Inter-religous dialogue: from Christiological perspectives to Pneumatological perspectives
For many years, Christianity has been living together with other religions. However, this socializing was not as friendly as one could expect of religions who preach the peace and the openness to the reality that exists beyond us. Christianity, itself, through all its history has shown some back and forth in the dialogue quest. This challenging, which is supported by some and considered as trash by others, shows some fundamental characteristics for us to think the inter-religious dialogue today.
Many things has already been done in this field by Christian theologians who has as concern questions such as: how to make the dialogue possible if the believes are, in many aspects, totally different? Which are the tasks that all religions have, as institutions that try to improve the conditions of human life? What do some religions has in common and helps the dialogue, and what is in a galaxy far far away that makes all the attempts to get closer in van? These questions, and many others, were raised by many theologians in the 20th century and have received many answers along this years.
We cannot ignore the role of Vatican II in such task, although we must analyze how Vatican position keep itself as superior in relation with other religions as Nostra Aetete shows.
Motivated by the aggiornamento proposal in Council, many theologians used their strength to find reasons for the existence of so many religions around the world, and to combine with the Christian salvation doctrine, in order to guarantee that all these religions, in somehow, could achieve their goal in the Christianity. Because of that, it would be not surprise that the first answers were through a Christological perspective. Names like Jacques Dupuis, Paul Knitter, George Amaladoss, John Hick could be considered as men who though how to make the dialogue possible in the current world.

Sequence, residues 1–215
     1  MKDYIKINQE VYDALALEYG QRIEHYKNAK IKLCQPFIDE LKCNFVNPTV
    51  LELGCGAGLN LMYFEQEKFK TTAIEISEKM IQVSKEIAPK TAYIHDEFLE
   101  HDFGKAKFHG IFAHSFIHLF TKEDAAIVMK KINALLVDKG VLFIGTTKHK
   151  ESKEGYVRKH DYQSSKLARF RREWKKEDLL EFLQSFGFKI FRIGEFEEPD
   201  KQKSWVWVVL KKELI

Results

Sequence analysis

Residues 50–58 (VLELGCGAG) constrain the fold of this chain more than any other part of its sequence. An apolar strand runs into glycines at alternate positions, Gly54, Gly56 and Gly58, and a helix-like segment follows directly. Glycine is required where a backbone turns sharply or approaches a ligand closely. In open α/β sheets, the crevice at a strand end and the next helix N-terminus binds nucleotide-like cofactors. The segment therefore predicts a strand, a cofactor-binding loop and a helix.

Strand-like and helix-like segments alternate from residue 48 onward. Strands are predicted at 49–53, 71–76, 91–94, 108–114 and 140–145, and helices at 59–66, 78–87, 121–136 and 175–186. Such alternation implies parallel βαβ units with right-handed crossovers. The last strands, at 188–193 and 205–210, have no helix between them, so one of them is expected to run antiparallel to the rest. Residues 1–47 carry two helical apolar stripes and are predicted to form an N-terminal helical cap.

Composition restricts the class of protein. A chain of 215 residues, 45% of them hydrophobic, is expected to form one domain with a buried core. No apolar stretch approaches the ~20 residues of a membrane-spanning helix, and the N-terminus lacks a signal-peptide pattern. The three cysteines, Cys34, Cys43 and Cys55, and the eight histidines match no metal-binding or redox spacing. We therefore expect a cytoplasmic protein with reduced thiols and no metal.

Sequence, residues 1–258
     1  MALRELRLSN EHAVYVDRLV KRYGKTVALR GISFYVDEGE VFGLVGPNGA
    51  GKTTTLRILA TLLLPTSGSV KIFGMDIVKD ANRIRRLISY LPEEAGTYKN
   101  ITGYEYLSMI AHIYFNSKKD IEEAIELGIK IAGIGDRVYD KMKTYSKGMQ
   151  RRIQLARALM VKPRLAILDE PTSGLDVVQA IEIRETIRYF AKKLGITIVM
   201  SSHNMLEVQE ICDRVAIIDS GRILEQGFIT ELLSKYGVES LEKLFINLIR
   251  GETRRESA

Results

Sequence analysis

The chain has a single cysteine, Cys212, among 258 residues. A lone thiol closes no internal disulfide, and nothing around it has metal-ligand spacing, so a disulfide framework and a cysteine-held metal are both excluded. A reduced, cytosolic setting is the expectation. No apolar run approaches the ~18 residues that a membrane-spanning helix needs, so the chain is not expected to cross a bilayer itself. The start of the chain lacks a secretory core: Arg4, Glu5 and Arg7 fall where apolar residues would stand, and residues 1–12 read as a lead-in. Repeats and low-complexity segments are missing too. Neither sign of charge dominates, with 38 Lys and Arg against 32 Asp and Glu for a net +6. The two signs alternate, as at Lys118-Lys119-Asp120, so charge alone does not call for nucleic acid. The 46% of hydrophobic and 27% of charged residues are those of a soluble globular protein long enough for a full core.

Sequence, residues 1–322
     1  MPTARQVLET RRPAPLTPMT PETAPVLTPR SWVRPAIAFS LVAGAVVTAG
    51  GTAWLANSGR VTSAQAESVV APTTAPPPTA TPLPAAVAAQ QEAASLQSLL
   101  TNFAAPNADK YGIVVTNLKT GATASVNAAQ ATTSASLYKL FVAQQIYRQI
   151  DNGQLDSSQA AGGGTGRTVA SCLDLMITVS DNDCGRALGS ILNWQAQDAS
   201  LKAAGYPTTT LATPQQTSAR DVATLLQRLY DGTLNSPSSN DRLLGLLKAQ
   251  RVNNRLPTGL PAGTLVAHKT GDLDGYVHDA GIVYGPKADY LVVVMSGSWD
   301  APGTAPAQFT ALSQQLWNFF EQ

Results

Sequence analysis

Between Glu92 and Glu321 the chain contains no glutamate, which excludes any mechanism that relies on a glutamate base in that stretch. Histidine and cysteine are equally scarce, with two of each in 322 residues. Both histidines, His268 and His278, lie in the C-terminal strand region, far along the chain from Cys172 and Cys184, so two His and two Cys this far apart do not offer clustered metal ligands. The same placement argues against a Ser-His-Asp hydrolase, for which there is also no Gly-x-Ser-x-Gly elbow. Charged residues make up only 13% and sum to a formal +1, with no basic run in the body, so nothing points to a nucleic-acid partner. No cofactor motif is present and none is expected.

This new approach was divided in three major perspectives: a) exclusivist, which says that only Christ saves and the way to receive the salvation given by God to those who believes in him is to belong to Christianity. In others words or you become a Christian and become save, or you do not and you become condemned by denying the truth. b) Inclusivist, which says that Christ is normative for salvation, but this salvation can be realized in other religions, in ways that only God knows; c) Pluralist, which says that all religions has the same meaning in God’s plan and that salvation must be considered as something universal, which means, it is available to everyone despite of cultural, religion, etc.
One could ask if their concern was really about the dialogue instead of the question about how the salvation happens in other religions, despite Christianity. It is a good question and we must answer it with a Yes. The real dialogue is forgotten when we try to establish that one side has the real truth and the other side has part or nothing about the truth. Apparently, their occupation in trying to find Christ or signs of him in other religions in order to guarantee that the Christian salvation could be found in there, has took from them so many time, that we could say that, in somehow, their concern about salvation has made them to forget the ‘who’ with they were trying to dialogue.
With this in mind, as well pointed out by Amos Yong, the inter-religious dialogue has got into an impasse and another form to make it become extremely necessary. This new way was through Pneumatology.